In "Built to Last," the fading classic of 1990s management advice, and in the world of improvisation, which tried to gain some vestige of a toehold in the management advice space of today, there is a concept which remains pretty useful -- the notion of "and" instead of "but."
Framing alternatives as implicitly forcing trade-offs can be a subtle way to derail forward momentum while also seeming wise and prudent. But trade-offs are actually less common than believed. There are many venues, audiences, options, author groups, and business extensions that can co-exist harmoniously, if not actually synergistically.
For example, attend nearly any editorial board meeting, and preserving quality will be contrasted with adding titles to the brand, as if there were an implicit trade-off -- the flagship would need to donate vital fluids of some kind in order for offspring to prosper, weakening the flagship.
Experience runs strongly counter to this presumption. Nature's strong portfolio is one of the most prominent examples of a flagship spinning off journals that any other publisher might justifiably think of as flagships themselves. At JBJS, adding new journals and products did not hinder the flagship's ability to increase its impact factor and continue to serve as the leading research journal in the field. The same goes for portfolios at JAMA, Lancet, ACC, IEEE, ACS, and so on.
But that's not to say that extending a portfolio necessarily enhances the flagship, although the dynamics of organizations pursuing both strategies seem to provide a generally lift. In reality, it seems the two activities can be pursued in parallel, as the techniques around portfolio growth don't have too much overlap with perpetuating and enhancing a flagship journal.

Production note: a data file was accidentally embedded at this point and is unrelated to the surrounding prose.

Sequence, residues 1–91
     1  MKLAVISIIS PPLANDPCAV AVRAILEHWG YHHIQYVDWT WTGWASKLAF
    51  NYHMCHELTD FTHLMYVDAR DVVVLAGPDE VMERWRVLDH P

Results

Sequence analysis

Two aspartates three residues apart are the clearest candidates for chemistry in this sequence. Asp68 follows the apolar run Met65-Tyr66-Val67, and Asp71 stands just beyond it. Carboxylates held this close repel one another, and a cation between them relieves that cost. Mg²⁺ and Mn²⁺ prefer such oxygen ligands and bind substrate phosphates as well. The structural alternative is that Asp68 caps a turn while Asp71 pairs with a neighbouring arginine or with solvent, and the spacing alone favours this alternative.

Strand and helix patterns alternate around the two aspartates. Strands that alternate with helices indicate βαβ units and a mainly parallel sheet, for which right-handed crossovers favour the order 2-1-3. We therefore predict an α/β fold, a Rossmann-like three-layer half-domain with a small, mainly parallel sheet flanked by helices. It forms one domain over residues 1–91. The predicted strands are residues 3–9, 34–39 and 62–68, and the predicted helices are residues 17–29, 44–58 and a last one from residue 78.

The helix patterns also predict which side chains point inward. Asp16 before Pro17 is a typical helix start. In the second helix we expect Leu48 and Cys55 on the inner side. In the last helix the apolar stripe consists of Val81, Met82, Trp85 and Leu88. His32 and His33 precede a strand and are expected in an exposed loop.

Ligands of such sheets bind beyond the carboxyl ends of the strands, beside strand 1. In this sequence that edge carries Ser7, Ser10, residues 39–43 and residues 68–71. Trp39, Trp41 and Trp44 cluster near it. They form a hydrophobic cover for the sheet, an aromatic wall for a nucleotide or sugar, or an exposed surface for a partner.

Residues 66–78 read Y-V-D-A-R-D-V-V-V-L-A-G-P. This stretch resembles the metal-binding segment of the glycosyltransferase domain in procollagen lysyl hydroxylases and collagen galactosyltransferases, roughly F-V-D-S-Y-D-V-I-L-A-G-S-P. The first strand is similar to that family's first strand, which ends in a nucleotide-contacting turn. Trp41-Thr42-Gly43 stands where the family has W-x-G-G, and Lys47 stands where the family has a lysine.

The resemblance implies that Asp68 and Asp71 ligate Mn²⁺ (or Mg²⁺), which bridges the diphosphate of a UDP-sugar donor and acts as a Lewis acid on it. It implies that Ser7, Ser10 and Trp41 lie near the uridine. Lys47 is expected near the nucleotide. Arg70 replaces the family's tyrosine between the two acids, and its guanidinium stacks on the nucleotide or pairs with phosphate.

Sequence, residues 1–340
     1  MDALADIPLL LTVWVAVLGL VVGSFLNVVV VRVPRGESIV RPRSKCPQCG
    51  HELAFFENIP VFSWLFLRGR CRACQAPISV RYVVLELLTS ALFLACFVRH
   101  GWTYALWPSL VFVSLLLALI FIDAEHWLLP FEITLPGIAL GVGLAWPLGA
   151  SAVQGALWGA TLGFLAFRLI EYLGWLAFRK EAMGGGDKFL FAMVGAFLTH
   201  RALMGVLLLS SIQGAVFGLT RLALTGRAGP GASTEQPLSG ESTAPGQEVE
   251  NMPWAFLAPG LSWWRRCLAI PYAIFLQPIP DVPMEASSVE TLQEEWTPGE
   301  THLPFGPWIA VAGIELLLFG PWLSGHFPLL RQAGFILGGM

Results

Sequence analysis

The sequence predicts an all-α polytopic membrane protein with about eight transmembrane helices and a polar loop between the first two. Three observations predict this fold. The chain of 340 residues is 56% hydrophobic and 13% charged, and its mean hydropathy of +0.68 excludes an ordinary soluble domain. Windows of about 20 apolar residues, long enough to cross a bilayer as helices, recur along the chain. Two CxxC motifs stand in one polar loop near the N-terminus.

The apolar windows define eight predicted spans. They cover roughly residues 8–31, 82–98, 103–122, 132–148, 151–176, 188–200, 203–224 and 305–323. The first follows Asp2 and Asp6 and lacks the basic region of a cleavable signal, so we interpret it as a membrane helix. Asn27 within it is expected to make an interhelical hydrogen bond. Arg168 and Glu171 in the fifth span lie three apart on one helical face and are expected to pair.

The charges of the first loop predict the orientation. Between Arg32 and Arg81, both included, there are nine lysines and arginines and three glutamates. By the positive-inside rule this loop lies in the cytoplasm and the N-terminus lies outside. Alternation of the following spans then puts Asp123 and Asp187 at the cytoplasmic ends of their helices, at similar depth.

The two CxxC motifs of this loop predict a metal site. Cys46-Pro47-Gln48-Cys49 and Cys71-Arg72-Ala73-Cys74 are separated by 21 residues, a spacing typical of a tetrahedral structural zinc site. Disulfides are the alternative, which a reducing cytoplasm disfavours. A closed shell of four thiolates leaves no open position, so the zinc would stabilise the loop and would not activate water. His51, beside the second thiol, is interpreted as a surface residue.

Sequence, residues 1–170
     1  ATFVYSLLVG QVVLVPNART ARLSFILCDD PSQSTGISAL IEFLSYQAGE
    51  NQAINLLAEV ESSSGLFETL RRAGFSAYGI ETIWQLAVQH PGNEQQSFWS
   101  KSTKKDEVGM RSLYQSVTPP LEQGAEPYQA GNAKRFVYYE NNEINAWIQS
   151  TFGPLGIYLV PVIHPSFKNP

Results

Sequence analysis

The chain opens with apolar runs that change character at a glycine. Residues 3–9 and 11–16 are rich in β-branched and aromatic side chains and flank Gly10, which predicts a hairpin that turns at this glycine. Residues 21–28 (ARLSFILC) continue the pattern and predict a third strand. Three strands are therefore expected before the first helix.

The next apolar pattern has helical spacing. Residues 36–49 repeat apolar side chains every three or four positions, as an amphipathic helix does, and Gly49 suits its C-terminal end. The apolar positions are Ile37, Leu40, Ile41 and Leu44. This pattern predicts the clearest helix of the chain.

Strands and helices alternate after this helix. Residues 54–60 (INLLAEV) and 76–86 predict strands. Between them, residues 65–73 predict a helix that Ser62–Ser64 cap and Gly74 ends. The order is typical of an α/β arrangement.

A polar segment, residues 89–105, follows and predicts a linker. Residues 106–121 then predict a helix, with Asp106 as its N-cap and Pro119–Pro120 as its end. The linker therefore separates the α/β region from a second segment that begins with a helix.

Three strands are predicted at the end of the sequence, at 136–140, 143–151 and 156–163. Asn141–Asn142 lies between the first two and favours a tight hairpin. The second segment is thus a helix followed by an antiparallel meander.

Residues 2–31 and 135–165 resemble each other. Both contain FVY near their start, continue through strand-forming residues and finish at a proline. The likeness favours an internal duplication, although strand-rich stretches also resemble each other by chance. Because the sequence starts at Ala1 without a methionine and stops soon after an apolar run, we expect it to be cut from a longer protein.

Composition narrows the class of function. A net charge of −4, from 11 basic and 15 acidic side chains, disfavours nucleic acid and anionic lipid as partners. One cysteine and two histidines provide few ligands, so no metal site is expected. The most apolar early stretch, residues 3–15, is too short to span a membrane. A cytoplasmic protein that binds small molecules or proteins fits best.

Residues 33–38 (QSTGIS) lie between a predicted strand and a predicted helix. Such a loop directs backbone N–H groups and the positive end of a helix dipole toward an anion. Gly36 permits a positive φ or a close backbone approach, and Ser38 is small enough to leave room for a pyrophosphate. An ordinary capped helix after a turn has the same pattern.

The same goes increasingly for non-journal initiatives spearheaded by publishers. Compartmentalized and treated appropriately, these can flourish without exacting a toll on the flagship or journals portfolio. It's a management challenge, and not an insoluble one.
A key "and" to achieve for any organization, but especially for editors and publishers, is the union between quantitative and qualitative information. Scientifically trained editors rightfully seek quantitative information, but businesses often run on qualitative information with spot checks in quant land.
Bringing editors and editorial teams to the point of considering "and" rather than responding with "but" often means the publisher has to take the lead, with pledges of resources, plans of action, compelling customer insights, and clear revenue projections. Enthusiasm needs to be cultivated.
Growth is an "and" proposal -- we will be what we are now "and" these other things; we will work in our current markets "and" these new markets. This is why getting to "and" is so important.